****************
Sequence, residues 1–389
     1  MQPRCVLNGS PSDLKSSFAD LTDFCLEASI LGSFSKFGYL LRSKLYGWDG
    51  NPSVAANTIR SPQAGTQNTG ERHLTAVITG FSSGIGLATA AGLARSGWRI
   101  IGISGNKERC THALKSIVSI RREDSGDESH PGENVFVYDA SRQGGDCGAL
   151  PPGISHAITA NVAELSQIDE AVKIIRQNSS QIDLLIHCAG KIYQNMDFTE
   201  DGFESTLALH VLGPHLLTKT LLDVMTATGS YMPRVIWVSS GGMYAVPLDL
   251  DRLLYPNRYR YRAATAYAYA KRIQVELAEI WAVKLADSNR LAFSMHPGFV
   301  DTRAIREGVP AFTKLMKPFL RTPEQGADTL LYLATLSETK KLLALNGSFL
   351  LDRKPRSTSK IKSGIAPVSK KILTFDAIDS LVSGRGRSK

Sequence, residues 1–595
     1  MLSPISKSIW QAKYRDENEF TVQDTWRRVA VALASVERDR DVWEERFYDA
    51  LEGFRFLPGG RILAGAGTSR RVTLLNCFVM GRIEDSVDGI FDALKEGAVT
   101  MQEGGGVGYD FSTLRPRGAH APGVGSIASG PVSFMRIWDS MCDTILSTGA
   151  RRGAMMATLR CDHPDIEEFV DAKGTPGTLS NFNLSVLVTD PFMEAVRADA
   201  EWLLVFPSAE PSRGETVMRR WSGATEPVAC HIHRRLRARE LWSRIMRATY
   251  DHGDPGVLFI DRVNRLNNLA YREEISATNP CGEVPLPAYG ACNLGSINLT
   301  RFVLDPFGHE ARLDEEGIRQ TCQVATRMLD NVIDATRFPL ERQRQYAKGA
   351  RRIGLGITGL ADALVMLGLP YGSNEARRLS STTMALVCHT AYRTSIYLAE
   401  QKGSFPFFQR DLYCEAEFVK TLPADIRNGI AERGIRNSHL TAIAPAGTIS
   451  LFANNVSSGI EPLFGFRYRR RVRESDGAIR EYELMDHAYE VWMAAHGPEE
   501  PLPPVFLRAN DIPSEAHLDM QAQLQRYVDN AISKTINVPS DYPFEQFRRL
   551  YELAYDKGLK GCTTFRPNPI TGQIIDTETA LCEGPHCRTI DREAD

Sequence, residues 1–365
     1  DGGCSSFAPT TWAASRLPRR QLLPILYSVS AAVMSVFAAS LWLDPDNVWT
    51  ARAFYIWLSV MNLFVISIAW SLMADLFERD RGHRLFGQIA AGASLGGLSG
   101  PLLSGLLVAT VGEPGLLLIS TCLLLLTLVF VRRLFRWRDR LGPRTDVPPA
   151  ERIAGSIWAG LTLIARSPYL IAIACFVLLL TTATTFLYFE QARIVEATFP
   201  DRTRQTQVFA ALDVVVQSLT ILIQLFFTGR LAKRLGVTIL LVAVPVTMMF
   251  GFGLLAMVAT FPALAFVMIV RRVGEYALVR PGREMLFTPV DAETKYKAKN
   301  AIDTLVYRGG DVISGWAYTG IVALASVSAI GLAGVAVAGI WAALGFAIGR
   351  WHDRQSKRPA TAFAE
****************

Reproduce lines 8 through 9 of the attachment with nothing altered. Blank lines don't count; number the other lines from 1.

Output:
   301  DTRAIREGVP AFTKLMKPFL RTPEQGADTL LYLATLSETK KLLALNGSFL
   351  LDRKPRSTSK IKSGIAPVSK KILTFDAIDS LVSGRGRSK